3. Accept you did something wrong, but move on. If you did something wrong or hurtful, you will have to accept that you cannot change the past. But you can make amends for your behavior, if and when it’s appropriate. Do so, apologize, or make-up for the inappropriate behavior in a timely manner, but then let it go. The more we focus on believing we need to do something more, the more it will continue to bother us and interfere with our relationships with others. Guilt is usually very situational. That means we get into a situation, we do something inappropriate or hurtful, and then we feel badly for a time. Either the behavior wasn’t so bad or time passes, and we feel less guilty. If we recognize the problem behavior and take action sooner rather than later, we’ll feel better about things (and so will the other person) and the guilt will be alleviated. Obsessing about it, however, and not taking any type of compensatory behavior (such as apologizing, or changing one’s negative behavior) keeps the bad feelings going. Accept and acknowledge the inappropriate behavior, make your amends, and then move on.

  1. Learning from our behaviors. Guilt’s purpose isn’t to make us feel bad just for the sake of it. The feeling of guilt is trying to get our attention so that we can learn something from the experience. If we learn from our behavior, we’ll be less likely to do it again in the future. If I’ve accidentally said something insulting to another person, my guilt is telling me I should (a) apologize to the person and (b) think a little more before I open my mouth. If your guilt isn’t trying to correct an actual mistake you made in your behavior (e.g., it’s unhealthy guilt), then there’s not a whole lot you need to learn. Instead of learning how to change that behavior, a person can instead try to understand why a simple behavior most people wouldn’t feel guilty about is making one feel guilty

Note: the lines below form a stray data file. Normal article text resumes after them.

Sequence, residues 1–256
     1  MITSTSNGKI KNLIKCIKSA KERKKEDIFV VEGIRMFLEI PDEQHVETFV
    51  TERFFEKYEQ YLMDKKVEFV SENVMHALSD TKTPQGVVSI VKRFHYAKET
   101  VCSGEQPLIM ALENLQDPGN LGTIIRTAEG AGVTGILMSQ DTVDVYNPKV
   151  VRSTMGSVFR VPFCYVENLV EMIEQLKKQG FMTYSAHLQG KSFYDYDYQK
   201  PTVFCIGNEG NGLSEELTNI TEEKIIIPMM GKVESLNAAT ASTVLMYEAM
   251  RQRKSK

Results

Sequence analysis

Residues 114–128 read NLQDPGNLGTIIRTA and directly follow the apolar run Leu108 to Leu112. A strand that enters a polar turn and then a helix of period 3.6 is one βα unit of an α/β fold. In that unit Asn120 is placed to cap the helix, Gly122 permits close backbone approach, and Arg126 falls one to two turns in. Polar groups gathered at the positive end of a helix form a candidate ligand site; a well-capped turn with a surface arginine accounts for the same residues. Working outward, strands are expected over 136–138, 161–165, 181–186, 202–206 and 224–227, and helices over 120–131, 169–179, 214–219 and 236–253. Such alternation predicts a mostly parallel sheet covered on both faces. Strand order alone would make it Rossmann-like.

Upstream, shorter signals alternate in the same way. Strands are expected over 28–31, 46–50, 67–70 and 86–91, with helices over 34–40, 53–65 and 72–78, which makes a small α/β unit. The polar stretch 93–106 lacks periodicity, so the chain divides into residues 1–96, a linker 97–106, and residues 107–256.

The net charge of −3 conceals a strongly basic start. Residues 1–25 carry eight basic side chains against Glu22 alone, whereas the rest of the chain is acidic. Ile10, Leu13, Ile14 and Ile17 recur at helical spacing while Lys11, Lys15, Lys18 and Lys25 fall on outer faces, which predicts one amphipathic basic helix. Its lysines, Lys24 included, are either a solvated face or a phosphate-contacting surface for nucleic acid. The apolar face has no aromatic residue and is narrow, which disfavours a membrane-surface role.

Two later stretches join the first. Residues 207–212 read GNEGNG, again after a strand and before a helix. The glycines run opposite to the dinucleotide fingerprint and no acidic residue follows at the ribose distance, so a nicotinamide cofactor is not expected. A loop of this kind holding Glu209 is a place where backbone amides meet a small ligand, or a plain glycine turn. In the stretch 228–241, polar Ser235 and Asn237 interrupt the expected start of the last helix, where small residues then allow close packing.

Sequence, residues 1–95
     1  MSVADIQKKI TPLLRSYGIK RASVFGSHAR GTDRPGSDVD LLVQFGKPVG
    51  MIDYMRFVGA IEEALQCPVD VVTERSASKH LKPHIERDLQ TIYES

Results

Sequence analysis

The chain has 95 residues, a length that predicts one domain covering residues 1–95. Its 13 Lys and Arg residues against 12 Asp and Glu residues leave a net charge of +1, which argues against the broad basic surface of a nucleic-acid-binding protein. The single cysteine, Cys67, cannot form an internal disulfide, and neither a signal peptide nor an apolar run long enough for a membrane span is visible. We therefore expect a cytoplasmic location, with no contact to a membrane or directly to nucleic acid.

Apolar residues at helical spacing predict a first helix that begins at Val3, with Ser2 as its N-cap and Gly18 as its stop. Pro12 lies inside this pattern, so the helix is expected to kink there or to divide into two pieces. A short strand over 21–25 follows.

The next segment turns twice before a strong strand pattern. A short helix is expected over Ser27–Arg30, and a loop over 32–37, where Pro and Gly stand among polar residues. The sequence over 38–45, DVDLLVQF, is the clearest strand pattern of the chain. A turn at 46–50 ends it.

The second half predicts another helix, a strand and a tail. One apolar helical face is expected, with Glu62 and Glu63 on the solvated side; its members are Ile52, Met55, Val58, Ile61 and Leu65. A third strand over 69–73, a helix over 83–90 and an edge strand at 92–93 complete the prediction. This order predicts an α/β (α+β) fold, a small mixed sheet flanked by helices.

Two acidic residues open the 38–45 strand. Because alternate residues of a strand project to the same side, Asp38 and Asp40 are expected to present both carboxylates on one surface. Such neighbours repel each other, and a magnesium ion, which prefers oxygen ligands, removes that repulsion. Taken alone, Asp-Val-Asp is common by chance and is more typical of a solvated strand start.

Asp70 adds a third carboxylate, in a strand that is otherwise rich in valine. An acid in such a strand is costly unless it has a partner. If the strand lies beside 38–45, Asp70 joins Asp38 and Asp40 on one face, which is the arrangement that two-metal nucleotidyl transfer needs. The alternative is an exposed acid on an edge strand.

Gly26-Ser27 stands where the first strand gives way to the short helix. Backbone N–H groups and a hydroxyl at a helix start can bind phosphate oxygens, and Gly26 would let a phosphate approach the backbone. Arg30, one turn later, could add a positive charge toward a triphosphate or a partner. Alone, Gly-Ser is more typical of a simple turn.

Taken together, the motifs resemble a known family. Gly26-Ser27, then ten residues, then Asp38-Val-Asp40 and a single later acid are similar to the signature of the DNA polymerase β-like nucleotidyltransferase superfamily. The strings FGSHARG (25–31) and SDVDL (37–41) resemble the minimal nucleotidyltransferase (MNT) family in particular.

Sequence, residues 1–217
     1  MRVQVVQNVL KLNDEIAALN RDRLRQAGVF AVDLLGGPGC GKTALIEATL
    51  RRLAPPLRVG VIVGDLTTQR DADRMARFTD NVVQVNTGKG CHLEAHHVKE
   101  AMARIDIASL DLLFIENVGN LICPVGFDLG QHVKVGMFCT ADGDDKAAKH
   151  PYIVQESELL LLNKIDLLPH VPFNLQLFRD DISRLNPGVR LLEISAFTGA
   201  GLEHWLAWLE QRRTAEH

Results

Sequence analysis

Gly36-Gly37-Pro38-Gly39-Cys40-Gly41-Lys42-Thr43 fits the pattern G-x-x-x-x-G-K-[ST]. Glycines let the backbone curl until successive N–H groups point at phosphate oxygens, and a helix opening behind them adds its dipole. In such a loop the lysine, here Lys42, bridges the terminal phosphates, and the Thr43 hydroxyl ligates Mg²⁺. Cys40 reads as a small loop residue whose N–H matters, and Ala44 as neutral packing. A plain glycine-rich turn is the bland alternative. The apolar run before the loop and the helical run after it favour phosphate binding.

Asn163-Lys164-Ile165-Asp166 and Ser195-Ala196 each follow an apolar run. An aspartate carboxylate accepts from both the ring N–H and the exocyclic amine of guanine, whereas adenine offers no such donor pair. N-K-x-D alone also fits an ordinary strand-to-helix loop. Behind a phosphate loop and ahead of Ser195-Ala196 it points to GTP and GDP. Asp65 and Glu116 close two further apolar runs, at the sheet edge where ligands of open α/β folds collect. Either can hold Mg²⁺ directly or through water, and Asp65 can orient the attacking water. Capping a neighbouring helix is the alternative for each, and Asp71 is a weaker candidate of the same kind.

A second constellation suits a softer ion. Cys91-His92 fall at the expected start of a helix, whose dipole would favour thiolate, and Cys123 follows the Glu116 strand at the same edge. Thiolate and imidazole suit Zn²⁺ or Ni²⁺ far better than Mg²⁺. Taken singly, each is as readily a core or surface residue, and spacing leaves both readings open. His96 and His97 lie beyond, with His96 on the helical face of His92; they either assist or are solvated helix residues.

2. Perfection doesn’t exist in anyone. Nobody is perfect, even our friends or family members who appear to lead perfect, guilt-free lives. Striving for perfection in any part of our lives is a recipe for failure, since it can never be attained. We all make mistakes and many of us go down a path in our lives that can make us feel guilty later on when we finally realize our mistake. The key, however, is to realize the mistake and accept that you’re only human. Don’t engage in days, weeks or months of self-blame or battering your self-esteem because you should’ve known, should’ve acted differently, or should’ve been an ideal person. You’re not, and neither am I. That’s just life. Guilt is one of those emotions that we feel is telling us something important. Be aware that not every emotion, and certainly not every guilty feeling, is a rational one that has a purpose. Focus on the guilt that causes loved ones or friends harm. And remember to be skeptical the next time you feel guilty – is it trying to teach you something rational and helpful about your behavior, or is it just an emotional, irrational response to a situation? The answer to that question will be your first step to helping you better cope with guilt in the future.

Its time to set your soul free from the guilt of the past and fill it with strength to change behavior patterns for your own good and good of others around you. If you carry on with this pattern you will not only victimize yourself but also victimize people around you.

Have a blessed day

Loads of love and light

Tamanna Cguilt